Feb 25, 2014 at 8:01 pm #1313765Feb 25, 2014 at 9:09 pm #2077168
Adam KilpatrickBPL Member
@oystersLocale: South Australia
Definitely getting interesting. Its nice these days to see so many high tech competitors to the likes of Gore.Feb 26, 2014 at 9:19 am #2077326
Kevin SawchukBPL Member
@ksawchukLocale: Northern California
If anyone from Gore is listening:
Please improve your products and debate the relative merits of testing standards instead of using heavy handed legal techniques to improve your market share and reduce choice.Feb 26, 2014 at 12:22 pm #2077387
Scott EmmensBPL Member
This is by far the most interesting and informative article I have read for sometime on BPL! Thanks.
As a fabric geek who works in the industry (in a bubble in New Zealand :-)) this was at times eye opening, keep up the good work. Thanks again ScottFeb 26, 2014 at 12:33 pm #2077395
Aaron SorensenBPL Member
@awsorensenLocale: South of Forester Pass
If the trend is to step away from down fill, (due to less people eating geese), there still has to be a significant improvement in bags before all of these fancy new jacket hyped lofting material goes into a bag.
Not mentioned in any of these new techs is the ability to withstand the multiple compression and stuffing into compression sacks as what bags go through.
The likely loss of loft in any of these fabrics is probably nowhere near what it needs to be in order to be a replacement for down in sleeping bags.
At least it's a start.Feb 26, 2014 at 3:22 pm #2077459
Please keep geeking out – good reading!
I've recently begun serious investigation of WP/B fabrics and technology, and have learned this:
1) My knowledge of the subject matter has skyrocketed from 2% to about 10%
2) Of the remaining 90%, about 2/3 of it is smoke and mirrors
3) Gore led the way with a powerful marketing story, and everyone else is following that model – there's a lot less difference between a branded fabric and an unbranded fabric than you are led to believe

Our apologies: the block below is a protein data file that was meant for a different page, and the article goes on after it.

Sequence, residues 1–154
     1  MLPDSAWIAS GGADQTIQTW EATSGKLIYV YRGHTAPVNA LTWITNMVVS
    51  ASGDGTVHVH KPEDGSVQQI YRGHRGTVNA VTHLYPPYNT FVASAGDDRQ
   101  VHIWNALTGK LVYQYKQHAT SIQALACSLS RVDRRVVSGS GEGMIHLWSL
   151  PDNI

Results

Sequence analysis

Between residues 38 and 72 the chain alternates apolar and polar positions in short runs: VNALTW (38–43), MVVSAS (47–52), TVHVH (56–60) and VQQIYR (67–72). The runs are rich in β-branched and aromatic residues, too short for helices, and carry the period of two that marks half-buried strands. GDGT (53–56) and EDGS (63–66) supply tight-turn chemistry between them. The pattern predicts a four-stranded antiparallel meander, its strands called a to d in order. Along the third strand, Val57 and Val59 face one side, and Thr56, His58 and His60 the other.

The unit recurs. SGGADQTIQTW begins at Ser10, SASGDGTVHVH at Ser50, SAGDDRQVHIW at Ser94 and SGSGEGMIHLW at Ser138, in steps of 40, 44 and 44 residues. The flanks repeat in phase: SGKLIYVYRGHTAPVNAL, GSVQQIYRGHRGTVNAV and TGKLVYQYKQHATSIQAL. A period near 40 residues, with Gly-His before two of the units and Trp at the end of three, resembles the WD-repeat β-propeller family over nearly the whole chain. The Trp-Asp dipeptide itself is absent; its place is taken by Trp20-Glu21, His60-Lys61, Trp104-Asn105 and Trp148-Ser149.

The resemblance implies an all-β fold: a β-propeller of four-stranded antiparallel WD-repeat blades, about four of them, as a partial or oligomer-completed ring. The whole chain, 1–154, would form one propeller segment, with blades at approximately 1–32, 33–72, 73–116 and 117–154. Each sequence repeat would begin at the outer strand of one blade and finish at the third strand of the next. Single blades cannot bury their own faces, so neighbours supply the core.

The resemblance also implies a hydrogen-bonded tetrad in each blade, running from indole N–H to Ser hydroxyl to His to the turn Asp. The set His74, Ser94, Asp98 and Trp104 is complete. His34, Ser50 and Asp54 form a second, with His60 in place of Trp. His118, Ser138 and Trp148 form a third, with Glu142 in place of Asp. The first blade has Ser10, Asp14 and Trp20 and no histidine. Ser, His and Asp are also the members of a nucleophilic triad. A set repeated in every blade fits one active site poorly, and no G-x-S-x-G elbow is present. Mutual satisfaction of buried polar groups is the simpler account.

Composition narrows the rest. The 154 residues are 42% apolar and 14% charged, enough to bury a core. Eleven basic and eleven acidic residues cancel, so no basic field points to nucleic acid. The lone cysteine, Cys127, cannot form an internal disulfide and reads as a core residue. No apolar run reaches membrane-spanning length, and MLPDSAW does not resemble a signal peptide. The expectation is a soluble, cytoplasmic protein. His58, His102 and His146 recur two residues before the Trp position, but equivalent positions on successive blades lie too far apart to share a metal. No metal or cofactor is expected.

4) One can't even compare specs, because there are dozens of tests, and manufacturers use whatever test that makes there product look good
5) As everyone hopefully knows by now, the mere existence of any "waterproof and breathable" fabric is entirely dependent on how one defines that term
6) Ventilation, the weather, and how you use the final product has FAR more to do with performance than the fabric itself.
Onward!Feb 26, 2014 at 4:29 pm #2077481
Sam FarringtonBPL Member
@scfhomeLocale: Chocorua NH, USA
Not bored in least, Matthew, but then again, I'm a MYOG geek too. So thank you, and looking forward to the next article.
The Thinsulate featherless sounds worth a peek. Too bad one can't obtain a sample large enough to make a quilt or bag.
Wonder what happens if one goes into these shows with a mini precision hang scale concealed on their person. Would someone yell 'SWARM!' and put you on the deck.
I'm not too big on GTX either. Used a 20 oz 3 layer GTX top from Beans for years before switching to Patagonia stuff and being dry backpacking in the rain for the first time. Was out walking the Shelties above the inlet in Twin Lakes, CO, one day and came upon a crowd of racers descending from Hope Pass. Said hello to the person in charge, who responded, "I AM Goretex." Just that, no more (huh?) until we got talking. GTX people are kind of funny that way, but kind of funny beats openly hostile. If their patents are being infringed, they should have the right to seek redress.Feb 26, 2014 at 8:57 pm #2077572
eric chanBPL Member
i dont usually like these reports on trade shows as they are usually RAH RAH RAH NEW SHINY GEAR cheerleading articles
but i found the wit and backstory of this one absolutely mesmerizing
interesting that dead bird is going with toray, i suspect they are trying to get away from some of the "brand name" fabric strangleholds, like they did going with their own coreloft (instead of primaloft) and fortius (replacing polartech powershield)
also toray is a chinese company and it might make sense for them to have their materials produced in asia where it seems like quite a few of their goods are now made